Macbeth Good Vs Evil Analysis

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The internal conflict between good and evil has jeopardized the human condition since the beginning of time. Adam and Eve dealt with this when the serpent pressed Eve to eat the forbidden fruit and people still continue to struggle with this problem to this day. Every human struggles with good and evil actions because humans have the potential to be malicious and do evil deeds given the opportunity and motivation. In the play Macbeth, by William Shakespeare, the protagonist, Macbeth, wrestles with kind and evil thoughts due to the constant pressuring of his wife and witches. The witches symbolize Macbeth’s subconscious mind while his wife represents his true identity. Near the beginning of the plot, the witches predicted that Macbeth would…show more content…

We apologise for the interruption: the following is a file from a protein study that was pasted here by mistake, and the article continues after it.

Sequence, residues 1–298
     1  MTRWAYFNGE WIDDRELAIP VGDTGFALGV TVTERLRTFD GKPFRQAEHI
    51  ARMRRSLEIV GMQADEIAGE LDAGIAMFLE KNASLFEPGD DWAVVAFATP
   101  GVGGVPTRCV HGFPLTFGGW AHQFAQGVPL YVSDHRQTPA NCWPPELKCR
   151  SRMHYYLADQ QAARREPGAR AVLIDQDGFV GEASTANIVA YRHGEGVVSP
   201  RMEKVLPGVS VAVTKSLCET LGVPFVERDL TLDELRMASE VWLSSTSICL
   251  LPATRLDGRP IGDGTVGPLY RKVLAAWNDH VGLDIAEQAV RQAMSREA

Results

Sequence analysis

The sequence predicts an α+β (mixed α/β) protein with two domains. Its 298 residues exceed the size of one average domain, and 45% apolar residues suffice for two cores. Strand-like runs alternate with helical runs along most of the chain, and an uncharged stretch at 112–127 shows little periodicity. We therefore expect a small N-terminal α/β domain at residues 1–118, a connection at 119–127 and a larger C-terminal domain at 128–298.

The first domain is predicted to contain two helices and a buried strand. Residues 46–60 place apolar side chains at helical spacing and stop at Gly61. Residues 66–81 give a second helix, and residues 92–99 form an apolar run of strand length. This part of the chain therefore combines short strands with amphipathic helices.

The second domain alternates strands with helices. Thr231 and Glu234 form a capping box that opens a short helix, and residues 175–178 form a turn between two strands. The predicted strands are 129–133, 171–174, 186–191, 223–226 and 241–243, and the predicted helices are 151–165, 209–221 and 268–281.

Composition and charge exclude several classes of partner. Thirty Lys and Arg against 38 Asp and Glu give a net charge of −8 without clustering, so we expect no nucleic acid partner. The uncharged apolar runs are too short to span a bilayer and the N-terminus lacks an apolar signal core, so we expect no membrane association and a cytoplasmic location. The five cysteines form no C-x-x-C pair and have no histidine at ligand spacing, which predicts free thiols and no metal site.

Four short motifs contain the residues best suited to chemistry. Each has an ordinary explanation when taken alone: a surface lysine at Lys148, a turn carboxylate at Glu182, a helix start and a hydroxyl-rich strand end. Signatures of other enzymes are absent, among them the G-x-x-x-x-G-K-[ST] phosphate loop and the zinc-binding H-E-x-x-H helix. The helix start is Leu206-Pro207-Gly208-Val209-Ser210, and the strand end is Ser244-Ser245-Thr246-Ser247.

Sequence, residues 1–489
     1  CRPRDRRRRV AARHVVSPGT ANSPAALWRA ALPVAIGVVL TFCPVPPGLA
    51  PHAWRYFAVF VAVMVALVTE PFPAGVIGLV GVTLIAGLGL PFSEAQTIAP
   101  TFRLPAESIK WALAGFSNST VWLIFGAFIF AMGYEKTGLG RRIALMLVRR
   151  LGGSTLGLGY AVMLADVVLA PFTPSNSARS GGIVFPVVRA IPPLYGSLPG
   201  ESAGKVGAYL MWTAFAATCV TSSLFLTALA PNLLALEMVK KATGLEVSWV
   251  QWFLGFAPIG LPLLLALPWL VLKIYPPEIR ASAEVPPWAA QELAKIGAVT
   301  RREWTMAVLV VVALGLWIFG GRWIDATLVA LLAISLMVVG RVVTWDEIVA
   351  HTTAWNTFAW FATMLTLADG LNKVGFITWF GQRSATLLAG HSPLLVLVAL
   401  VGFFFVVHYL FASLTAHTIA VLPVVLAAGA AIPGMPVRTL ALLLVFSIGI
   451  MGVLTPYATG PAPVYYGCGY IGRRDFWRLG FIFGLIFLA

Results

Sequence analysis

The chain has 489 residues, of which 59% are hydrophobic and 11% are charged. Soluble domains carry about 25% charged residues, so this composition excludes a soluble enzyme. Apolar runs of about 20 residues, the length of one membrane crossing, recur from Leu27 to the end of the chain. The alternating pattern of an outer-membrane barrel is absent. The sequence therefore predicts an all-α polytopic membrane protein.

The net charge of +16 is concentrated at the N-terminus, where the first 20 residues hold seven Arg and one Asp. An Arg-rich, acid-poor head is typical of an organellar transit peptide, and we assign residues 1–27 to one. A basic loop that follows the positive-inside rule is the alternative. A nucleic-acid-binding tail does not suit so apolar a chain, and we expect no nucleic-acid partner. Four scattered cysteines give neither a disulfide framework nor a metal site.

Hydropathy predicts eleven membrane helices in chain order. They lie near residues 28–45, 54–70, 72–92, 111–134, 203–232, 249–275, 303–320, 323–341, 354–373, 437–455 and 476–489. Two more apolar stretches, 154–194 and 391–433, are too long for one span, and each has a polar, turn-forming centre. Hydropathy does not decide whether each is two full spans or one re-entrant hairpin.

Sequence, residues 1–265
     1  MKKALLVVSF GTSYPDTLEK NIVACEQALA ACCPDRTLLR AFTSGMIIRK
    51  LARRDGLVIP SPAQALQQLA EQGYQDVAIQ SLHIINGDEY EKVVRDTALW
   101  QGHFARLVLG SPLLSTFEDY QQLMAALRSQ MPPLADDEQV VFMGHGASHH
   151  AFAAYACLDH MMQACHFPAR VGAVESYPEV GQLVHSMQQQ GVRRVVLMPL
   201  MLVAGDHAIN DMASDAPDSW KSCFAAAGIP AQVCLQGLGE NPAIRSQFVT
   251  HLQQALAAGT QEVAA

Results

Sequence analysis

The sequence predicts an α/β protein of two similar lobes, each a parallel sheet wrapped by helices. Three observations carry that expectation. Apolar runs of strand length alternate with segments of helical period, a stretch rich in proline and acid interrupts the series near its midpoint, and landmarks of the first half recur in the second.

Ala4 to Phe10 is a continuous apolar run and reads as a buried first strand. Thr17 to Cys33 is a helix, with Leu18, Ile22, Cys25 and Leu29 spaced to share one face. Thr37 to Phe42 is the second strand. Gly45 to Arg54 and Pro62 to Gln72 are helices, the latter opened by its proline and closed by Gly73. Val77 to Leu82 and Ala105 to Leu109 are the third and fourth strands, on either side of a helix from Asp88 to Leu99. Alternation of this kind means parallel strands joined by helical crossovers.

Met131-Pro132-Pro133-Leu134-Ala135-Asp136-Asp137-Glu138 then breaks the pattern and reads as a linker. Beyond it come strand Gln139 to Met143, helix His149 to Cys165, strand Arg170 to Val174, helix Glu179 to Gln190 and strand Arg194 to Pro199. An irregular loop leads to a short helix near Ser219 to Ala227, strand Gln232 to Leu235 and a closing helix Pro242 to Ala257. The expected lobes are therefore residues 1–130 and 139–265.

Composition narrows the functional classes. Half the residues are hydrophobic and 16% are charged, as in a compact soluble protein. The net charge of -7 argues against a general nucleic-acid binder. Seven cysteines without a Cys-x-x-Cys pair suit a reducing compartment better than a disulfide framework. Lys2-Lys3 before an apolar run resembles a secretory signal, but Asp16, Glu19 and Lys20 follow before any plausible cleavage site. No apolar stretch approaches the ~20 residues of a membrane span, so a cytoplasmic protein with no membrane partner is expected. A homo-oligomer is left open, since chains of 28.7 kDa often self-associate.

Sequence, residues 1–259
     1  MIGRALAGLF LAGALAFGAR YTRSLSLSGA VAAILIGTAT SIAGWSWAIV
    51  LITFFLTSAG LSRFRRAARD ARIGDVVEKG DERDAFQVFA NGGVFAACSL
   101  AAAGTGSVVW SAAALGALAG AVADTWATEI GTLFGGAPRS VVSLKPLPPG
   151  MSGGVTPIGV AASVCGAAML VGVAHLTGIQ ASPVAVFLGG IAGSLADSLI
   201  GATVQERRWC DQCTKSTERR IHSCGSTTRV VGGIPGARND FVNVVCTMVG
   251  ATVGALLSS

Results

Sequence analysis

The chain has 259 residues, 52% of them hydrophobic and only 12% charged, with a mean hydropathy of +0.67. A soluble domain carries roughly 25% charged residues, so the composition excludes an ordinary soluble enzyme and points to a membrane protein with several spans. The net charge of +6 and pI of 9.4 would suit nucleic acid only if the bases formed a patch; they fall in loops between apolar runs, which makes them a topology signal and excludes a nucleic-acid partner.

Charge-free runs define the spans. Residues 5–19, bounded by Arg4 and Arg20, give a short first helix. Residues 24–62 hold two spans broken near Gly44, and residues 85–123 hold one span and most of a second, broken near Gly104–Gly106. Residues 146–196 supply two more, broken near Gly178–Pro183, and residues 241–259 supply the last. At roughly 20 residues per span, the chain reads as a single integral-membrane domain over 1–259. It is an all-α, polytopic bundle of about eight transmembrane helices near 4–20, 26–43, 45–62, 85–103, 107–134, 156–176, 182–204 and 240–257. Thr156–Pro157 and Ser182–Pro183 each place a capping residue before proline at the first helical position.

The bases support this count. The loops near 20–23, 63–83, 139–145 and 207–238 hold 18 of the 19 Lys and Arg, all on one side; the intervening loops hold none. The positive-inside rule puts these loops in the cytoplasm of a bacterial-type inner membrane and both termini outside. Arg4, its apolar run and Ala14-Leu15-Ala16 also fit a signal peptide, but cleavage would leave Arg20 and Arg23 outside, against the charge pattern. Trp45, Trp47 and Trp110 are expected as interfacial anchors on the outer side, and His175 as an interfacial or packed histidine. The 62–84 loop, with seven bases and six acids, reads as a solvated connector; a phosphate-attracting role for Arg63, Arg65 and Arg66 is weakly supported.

Ralph, from Lord of The Flies, by William Golding, struggles between doing the right thing and doing what’s wrong. After being stranded on an island with a few dozen boys, conflict quickly emerges. There is an unsaid thirst for power by the oldest two boys: Ralph and, the antagonist, Jack. When given the problem of hunger, they both go to hunt, and are faced with a wild pig. The boys decided not to slain the pig because [They knew very well why he hadn’t; because of the enormity of the knife descending and cutting into living flesh; because of the unbearable blood. (Golding 35) Ralph and Jack knew consciously that killing the pig was inhumane, even if it was for means of survival. As the story progresses, Jack becomes more aggressive, while Ralph slips into submission. After Jack successfully kills a pig, anarchy forms. The boys start to shout [Kill the beast! Cut his throat! Spill his blood!] (Golding 161) The boys enveloped in evil, resulted in the atrocity that is murder. Evil flowed and ebbed in their lungs and they would do whatever it takes to see blood. Ralph, one of the few humane ones of he group, fought his own malicious urges. He finally gave in to his animalistic behavior after killing his first pig. He [Sunned himself in their new respect] and after the murderous act was done he [felt that hunting was good after all.] (Golding 170) Ralph, who was opposed to the thought of a knife [cutting into living flesh], now hungered for the flowing of blood. The evil thoughts would not have awakened from his subconscious if Jack had not focused on power or having to survive on an
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